Headaches in Childhood

January 28th, 2008

Headaches in childhood should always be looked upon as a matter for serious inquiry and care; for they may be excited by very many causes. Even the headaches of children are divided into various classes; thus there is the school headache, the headache which is peculiar to periods of rapid growth, the headache which is caused by bloodlessness and nervous exhaustion, and that which is peculiar to any strain. The exciting causes are generally excessive fatigue, exhaustion of mind or nerve, digestive disorder, changes in the weather, badly heated and ill-ventilated rooms, want of exercise, poverty of the blood, or disorder of the blood by various impurities developed in the system, over-work, excitement, undue exposure to heat or cold, colds in the nose and back of the throat, or decayed teeth.

Headaches caused by bloodlessness should give rise to careful investigation of the diet, and lead one as a rule to decide that plenty of blood-making food, such as meat broths, green vegetables, and iron tonics are required, while a great deal of outdoor exercise is needed. It must be remembered that not every pale-faced child is suffering from poverty of the blood, and that some who are well supplied with fat may have poor blood. If the child is really suffering in this way, the insides of the eyelids and gums are invariably of a pale yellowish colour; the colour of the lips and cheeks does not afford so good a test.

When a child complains of headache after study, or using the eyes over close work, such as writing, drawing, or sewing, it should certainly be taken to an oculist, for very often the use of glasses is imperative, owing to some defect in the eyes, which, not uncommonly, is that the sight of one eye is different to that of the other.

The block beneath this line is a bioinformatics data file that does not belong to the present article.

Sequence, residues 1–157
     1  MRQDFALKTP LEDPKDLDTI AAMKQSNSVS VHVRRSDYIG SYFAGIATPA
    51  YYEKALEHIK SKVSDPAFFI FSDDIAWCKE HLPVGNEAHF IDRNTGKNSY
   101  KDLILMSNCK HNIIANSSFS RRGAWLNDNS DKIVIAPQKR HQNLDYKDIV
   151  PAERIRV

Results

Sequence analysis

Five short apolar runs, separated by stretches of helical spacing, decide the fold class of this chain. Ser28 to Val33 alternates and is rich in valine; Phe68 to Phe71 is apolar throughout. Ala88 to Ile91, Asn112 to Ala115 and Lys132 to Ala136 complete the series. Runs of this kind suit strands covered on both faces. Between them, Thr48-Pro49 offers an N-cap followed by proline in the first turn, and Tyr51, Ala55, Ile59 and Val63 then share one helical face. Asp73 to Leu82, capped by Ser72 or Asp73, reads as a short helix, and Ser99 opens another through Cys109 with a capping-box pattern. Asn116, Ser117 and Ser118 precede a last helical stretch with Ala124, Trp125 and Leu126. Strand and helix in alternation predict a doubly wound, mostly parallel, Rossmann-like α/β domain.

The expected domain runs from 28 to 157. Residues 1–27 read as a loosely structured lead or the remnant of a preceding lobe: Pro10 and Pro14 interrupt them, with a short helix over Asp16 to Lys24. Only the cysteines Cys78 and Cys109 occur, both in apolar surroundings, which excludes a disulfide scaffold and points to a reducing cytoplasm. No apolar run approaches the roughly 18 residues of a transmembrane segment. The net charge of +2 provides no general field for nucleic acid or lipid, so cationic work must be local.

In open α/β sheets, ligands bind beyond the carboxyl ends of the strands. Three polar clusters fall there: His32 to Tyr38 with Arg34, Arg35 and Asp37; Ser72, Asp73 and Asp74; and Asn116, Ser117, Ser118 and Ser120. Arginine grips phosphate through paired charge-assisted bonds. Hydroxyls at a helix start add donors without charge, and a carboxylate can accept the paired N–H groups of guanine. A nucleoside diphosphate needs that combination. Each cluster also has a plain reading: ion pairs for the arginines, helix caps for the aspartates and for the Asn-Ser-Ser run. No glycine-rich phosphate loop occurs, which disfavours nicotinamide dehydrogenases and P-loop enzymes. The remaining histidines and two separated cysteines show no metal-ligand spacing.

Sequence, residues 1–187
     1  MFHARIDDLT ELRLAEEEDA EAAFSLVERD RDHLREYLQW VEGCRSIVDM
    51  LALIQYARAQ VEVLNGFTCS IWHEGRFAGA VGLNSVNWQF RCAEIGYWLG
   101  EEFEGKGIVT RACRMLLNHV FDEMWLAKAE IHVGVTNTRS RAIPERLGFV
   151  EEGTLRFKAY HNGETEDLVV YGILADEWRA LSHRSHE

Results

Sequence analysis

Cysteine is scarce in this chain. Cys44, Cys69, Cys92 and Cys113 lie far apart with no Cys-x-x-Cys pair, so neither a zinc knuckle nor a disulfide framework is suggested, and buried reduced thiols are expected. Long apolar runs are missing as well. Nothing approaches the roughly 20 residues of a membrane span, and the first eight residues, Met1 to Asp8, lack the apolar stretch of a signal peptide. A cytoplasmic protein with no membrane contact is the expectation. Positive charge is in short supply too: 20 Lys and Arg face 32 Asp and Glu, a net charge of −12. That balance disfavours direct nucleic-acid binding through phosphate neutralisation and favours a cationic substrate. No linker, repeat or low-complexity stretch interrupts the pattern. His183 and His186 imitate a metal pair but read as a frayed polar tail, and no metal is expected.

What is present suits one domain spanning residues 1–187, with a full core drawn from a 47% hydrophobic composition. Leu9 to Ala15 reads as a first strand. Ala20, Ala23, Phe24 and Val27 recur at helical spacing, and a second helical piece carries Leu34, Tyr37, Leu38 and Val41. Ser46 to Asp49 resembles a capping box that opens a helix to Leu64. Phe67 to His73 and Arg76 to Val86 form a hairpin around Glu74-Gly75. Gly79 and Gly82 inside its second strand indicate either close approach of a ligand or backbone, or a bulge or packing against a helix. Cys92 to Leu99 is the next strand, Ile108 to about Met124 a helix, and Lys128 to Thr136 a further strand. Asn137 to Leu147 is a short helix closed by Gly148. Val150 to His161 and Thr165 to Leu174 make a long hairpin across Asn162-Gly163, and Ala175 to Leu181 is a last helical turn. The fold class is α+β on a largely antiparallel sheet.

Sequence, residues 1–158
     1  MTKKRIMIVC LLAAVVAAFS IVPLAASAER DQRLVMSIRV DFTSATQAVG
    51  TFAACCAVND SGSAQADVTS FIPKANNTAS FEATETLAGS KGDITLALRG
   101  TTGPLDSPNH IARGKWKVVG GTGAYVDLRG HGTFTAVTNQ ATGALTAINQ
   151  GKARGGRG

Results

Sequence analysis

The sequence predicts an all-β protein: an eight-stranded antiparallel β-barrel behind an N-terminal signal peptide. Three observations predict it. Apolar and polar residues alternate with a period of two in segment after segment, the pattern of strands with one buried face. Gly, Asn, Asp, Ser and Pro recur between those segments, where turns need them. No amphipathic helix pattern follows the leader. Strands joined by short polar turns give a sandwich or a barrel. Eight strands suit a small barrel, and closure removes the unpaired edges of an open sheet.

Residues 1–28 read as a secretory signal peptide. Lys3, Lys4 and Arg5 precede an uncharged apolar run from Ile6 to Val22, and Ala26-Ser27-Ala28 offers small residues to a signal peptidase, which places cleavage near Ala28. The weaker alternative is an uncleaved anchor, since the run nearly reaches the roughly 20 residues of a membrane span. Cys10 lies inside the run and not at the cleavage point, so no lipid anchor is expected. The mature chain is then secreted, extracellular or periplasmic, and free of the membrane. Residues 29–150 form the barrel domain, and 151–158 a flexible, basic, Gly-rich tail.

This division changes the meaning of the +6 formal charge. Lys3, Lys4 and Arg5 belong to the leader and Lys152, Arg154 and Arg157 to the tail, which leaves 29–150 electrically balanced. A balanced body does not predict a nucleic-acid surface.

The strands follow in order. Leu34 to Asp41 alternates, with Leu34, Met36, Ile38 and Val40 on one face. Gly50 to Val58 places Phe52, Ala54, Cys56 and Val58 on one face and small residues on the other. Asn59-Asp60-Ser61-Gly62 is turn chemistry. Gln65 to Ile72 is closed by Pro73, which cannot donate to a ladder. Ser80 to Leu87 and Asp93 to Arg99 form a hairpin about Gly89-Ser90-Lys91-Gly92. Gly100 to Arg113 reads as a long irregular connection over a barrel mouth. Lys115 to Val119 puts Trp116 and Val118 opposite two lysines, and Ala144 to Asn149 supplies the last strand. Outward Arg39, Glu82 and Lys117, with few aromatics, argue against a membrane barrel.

Children who indulge in over-eating or careless eating may be relieved either by spontaneous vomiting, or the mother should give an emetic or aperient. Headaches caused by chronic cold are, of course, only to be removed by treatment of this complaint, and the same may be said of those due to decayed teeth, or to the pressure on the nerves by over-crowding of the jaw.

Nervous headaches in the children of parents who suffer from rheumatism or gout depend much on the weather, and yield to anti-rheumatic treatment, especially warmth and warm bathing with the use of sulphur.

For headaches caused by dyspepsia, is is often desirable to peptonise the food, and to assist the stomach by small doses of camomile or calumba infusion before meals. Hysterical and imitative headaches are sometimes found in children of parents who suffer in a similar way, and in those accustomed to associate with people complaining of headache. In these cases the treatment is, of course, mainly moral; but the patient often also requires tonics, good food, gymnastics, bathing and outdoor exercise.

For the external treatment of headaches of most kinds hot foot baths, or mustard foot baths are of great service, with the application of a mustard plaster for a few minutes to the back of the neck; while to the seat of the pain menthol or chloral and camphor may be applied; and either hot or cold applications or gentle rubbing of the head, also often give immense relief.

Source: Home Notes, January 1895


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